"Market participants cannot turn a blind eye to what the community, through its laws and regulations, expects nor apply their own, lower standards."
The FCA has fined former RBS interest rate derivatives trader, Neil Danziger, £250,000 and banned him from performing any function in relation to any regulated financial activity.
The regulator found that Danziger was "knowingly concerned in RBS’s failure to observe proper standards of market conduct... acted recklessly and lacks integrity".
Its investigation found that between 14 February 2007 and 22 November 2010, Danziger routinely made requests to RBS’s primary submitters, intending to benefit the trading positions for which he and other derivatives traders were responsible, and obtained a broker’s assistance to attempt to manipulate the JPY LIBOR submissions of other banks.
In addition, between 19 September 2008 and 25 August 2009, Danziger entered into 28 wash trades – risk free trades, with the same party, in pairs that cancelled each other out and for which there was no legitimate commercial rationale. The purpose of these wash trades was to make or facilitate brokerage payments to two firms of brokers in recognition of his receipt of personal hospitality.
The FCA says he 'deliberately closed his mind to the risk that his actions were improper'.
In 2014, the FCA issued Mr Danziger with a Warning Notice, but proceedings were stayed due to the ongoing criminal investigation by the Serious Fraud Office into certain individuals who formerly worked at RBS.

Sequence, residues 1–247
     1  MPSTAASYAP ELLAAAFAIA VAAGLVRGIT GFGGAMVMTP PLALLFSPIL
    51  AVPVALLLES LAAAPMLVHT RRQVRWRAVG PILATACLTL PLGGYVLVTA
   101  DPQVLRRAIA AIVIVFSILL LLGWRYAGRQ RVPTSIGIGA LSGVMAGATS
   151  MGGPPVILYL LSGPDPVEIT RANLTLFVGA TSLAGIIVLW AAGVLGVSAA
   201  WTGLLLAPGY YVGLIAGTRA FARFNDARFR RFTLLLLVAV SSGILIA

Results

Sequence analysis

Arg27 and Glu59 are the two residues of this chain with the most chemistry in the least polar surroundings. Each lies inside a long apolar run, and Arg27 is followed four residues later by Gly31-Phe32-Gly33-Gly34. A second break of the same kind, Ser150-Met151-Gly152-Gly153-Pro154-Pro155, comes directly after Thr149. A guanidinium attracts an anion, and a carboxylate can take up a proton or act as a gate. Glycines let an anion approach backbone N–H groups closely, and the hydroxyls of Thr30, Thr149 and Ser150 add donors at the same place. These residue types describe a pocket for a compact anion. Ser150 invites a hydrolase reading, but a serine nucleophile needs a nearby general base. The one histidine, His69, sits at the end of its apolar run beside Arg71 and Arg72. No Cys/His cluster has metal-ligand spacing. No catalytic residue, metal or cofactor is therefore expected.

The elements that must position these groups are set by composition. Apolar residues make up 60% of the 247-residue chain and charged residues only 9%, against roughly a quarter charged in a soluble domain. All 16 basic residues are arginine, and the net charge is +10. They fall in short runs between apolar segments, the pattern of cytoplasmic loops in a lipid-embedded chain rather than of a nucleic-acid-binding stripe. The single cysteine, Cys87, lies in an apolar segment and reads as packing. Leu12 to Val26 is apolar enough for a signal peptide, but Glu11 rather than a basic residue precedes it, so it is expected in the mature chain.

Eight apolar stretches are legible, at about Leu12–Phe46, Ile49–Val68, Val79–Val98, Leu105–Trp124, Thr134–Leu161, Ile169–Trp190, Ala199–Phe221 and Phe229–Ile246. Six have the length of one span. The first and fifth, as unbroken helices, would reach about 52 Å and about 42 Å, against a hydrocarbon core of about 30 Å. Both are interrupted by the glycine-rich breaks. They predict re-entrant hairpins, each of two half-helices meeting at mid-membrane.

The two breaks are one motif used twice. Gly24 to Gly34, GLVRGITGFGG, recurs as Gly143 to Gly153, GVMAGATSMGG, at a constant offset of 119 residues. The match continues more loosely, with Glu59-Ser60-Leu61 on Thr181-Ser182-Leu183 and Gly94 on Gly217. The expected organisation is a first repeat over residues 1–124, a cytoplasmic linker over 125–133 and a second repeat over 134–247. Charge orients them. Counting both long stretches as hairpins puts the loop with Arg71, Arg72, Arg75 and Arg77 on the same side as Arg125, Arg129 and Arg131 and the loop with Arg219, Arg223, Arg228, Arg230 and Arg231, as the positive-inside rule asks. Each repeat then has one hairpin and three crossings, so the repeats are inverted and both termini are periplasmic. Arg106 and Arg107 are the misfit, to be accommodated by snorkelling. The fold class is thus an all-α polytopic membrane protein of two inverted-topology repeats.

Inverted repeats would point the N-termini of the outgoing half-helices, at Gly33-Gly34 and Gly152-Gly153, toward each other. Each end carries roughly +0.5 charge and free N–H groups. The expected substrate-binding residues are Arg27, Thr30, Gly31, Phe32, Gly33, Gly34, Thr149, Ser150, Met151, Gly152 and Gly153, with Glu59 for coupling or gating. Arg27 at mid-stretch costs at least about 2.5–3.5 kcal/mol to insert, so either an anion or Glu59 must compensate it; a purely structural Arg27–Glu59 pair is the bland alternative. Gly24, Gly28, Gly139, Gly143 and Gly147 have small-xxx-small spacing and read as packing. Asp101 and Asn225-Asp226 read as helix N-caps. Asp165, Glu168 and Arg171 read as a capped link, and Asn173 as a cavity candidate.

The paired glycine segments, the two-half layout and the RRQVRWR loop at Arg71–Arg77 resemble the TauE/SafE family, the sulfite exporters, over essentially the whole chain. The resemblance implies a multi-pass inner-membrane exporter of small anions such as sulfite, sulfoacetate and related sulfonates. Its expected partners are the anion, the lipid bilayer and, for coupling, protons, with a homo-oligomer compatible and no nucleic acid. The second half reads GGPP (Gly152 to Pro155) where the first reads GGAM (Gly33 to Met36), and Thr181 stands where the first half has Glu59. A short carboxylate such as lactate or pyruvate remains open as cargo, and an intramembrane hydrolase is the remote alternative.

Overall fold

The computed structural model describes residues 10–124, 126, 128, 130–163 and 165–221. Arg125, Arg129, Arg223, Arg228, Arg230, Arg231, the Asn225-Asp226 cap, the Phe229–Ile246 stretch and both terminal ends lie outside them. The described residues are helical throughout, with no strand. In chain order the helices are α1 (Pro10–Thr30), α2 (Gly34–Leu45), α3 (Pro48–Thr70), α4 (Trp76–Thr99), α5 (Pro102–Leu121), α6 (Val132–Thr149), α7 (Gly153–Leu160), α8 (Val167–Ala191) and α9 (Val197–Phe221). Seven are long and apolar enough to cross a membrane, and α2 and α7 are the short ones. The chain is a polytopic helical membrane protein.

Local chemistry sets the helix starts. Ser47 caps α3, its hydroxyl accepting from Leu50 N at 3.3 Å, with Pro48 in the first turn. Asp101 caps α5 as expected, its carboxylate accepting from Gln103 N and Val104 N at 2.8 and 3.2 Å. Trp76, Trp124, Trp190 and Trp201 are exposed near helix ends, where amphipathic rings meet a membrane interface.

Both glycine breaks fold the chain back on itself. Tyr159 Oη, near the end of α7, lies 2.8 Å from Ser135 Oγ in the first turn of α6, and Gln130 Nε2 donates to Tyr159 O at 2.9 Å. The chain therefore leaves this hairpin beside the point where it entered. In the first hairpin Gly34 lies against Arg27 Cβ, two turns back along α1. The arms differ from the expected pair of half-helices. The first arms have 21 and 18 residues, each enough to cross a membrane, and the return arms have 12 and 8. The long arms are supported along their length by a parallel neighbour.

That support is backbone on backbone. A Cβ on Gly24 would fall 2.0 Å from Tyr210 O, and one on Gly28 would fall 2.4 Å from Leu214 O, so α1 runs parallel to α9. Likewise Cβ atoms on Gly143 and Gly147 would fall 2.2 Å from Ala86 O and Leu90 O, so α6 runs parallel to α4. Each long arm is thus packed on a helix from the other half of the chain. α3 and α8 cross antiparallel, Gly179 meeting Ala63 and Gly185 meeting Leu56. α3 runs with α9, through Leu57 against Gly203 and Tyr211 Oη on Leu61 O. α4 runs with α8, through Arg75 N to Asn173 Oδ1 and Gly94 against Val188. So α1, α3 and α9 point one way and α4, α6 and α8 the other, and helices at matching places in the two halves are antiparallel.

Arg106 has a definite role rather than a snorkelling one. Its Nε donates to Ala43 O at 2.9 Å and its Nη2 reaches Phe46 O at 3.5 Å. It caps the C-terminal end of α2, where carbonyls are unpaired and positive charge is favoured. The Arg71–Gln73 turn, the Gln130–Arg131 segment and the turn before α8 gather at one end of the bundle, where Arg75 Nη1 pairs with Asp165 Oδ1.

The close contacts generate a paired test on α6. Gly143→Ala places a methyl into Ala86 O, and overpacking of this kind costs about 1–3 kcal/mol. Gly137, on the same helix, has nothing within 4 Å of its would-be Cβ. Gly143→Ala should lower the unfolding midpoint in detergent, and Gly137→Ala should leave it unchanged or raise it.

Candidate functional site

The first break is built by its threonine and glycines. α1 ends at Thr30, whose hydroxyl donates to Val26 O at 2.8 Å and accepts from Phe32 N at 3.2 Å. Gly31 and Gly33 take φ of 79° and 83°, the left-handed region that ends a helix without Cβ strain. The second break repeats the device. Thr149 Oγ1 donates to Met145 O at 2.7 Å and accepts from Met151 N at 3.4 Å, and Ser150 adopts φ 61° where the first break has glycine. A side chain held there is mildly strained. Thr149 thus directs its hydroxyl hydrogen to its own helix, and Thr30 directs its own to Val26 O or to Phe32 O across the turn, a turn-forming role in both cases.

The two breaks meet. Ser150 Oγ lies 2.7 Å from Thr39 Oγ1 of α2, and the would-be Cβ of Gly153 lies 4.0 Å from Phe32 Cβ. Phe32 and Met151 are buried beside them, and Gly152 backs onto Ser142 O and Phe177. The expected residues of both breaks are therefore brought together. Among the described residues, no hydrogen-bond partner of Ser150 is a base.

Mark Steward, Executive Director of Enforcement and Market Oversight at the FCA, said: “Proper standards of market conduct reflect the interests of the whole community in the well-being of our financial markets. Mr Danziger’s reckless disregard of these standards has no place in the financial services industry. Market participants cannot turn a blind eye to what the community, through its laws and regulations, expects nor apply their own, lower standards. This substantial fine and ban should reinforce that message.”
Danziger’s lawyer Ben Rose commented: “Mr Danziger continues to dispute the FCA’s findings and feels strongly that he is being scapegoated for the systemic problems relating to LIBOR.
“However, the last five years have been incredibly challenging. He is emotionally exhausted and financially drained. He leaves it to others, better resourced, to press the FCA for answers, hopeful that, one day, the real truth will come out.”